When one mentions the name Frankenstein, usually one thing comes to mind: a creature pieced together from decomposing corpses.  A creature betrayed by his maker—an overzealous scientist who is weakened by his own passion for life.  Is there a connection between the castle Frankenstein and the novelist Mary Shelley?  There are many scholars who believe that the connections exist. 
The Courtyard 
The Courtyard ruins

Mary Shelley

Lord Byron
This is how the novel Frankenstein was conceived. It was 1816 and on Lake Geneva during a dark and stormy summer night, four friends gathered in a stately living room by a glowing hearth.   The English poet, Lord Byron, his personal physician John Polidori, Mary Shelley and Percy spent the evening entertaining one another with German ghost stories.  Finally, Lord Byron made a dare, he challenged  the members of the group to conjure up a story of horror.  "We will each write a ghost story," he stated. 

And a story Mary Shelley did write.  Frankenstein was published two years later in 1818. Victor Frankenstein, obsessed with the nuances of the beauty and mysteries of life, he haphazardly pieces together the "creature."  Shocked by its appearance, Victor rejects and abandons his creation, leaving his monster to fend for himself and run amok amongst the countryside.  A familiar motif in twentieth century novels and film, the story of Victor Frankenstein has been romanticized (Mary Shelley’s Frankenstein, 1994)  regurgitated (the Universal and Hammer Frankenstein films) and reinvented (2001: A Space Odyssey, Westworld, Alien).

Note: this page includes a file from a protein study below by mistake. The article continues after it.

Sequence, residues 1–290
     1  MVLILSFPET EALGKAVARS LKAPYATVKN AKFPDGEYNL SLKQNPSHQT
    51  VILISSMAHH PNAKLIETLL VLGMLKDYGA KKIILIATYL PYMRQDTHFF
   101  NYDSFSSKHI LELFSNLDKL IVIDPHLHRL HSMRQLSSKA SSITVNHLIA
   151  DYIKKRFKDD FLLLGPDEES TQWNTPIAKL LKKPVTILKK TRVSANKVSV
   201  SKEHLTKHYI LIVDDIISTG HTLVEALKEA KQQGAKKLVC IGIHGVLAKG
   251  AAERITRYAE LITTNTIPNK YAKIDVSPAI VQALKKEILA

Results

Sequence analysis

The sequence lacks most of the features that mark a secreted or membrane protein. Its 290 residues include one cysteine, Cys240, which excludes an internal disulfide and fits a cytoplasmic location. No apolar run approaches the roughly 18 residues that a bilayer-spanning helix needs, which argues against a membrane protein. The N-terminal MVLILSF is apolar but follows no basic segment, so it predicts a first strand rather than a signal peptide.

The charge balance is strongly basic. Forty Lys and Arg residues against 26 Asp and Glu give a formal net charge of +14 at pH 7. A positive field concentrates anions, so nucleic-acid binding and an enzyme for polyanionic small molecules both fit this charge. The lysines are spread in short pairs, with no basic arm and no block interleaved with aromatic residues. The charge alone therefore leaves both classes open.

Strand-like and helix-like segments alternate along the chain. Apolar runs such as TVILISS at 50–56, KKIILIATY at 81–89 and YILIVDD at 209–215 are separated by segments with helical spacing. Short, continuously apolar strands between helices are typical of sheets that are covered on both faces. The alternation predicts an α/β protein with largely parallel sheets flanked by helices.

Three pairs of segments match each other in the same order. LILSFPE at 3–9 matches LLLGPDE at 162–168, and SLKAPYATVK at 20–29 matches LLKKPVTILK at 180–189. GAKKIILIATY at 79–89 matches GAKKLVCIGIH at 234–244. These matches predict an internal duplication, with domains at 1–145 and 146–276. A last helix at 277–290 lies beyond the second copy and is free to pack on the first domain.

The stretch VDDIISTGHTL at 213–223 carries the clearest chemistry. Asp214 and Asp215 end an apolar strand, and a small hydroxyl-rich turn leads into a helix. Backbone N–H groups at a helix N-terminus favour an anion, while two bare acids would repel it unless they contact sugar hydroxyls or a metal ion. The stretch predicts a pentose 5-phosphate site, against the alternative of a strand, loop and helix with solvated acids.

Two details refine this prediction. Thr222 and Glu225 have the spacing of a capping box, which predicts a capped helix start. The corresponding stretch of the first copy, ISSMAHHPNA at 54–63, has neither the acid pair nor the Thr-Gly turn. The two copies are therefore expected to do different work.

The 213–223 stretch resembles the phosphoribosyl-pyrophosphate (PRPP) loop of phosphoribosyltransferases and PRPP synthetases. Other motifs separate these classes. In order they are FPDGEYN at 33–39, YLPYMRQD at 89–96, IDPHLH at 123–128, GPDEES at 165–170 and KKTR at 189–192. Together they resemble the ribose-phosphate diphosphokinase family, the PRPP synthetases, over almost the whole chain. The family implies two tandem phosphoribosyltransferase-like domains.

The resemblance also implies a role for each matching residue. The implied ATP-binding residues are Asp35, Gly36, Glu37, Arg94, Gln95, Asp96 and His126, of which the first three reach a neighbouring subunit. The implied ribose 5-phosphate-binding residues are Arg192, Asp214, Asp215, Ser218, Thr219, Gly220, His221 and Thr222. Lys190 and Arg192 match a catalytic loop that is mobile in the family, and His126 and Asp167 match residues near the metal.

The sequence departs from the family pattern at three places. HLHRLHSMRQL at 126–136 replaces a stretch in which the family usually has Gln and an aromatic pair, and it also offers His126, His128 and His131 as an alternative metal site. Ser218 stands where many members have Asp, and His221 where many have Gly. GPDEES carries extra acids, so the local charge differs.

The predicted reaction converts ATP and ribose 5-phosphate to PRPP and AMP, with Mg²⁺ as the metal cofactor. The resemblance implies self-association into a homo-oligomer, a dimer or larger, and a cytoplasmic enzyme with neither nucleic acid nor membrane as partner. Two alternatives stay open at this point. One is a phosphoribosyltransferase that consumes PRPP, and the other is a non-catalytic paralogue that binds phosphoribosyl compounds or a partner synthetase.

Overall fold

The question is, what ties does the castle Frankenstein have with Mary Shelly’s novel? In 1814, Mary Shelley and her lover and later husband, Percy Shelley were traveling through Germany.  It is believed that the Shelleys visited the Burgstasse region during a river boat trip.  In the early 1800s, the castle was visible from the Rhine and possibly provoked an excursion into the surrounding villages.  Why are some literary scholars convinced?  There is a connection between Victor Frankenstein and Konrad Dipple, a resident and alchemist who was born on August 10th, 1673 in the Frankenstein castle.
Konrad Dipple was a rogue student at the University of Giessen.  He was a scholar of radical thought and left the University after finishing his thesis entitled, De Nihilo (On Nothing), which implied that he had learned very little, or nothing from his instructors.  It was then that began to travel the countryside, lecturing on subjects as divinity and astrology.  Later he relocated at the castle Frankenstein, the place where he felt his family roots.  Even though Dipple had no common blood with the family of Frankenstein, he considered himself a member of the Frankenstein legacy.   

He became known as "Dipple the Alchemist" as was believed to have been trying to create a chemical that would prolong one’s life.  Rumors circulated stating that he was collecting body parts to assist in the making of this formula.  Dipple claimed that his formula was to allow him to live to the age of 135 but it is believed that he died by drinking his own potion.  On the morning of April 24th, 1734, Dipple’s body was found by one of his friends.  He became another legend in the history of Frankenstein. 

Konrad Dipple
Could Mary Shelley been told of Konrad Dipple during her presumed visit of the castle?  There are connections in her story that affirm this thought.  The character of Victor Frankenstein is similar to the Alchemist Dipple.  Both had a passion for life.  Both left their university studies to delve into a dangerous science.  Both died tragically from the makings of their obsession—the obsession of harnessing life and the futile attempt to reject the manifestation of death.


© 1998, Bryan Bailey, All rights reserved.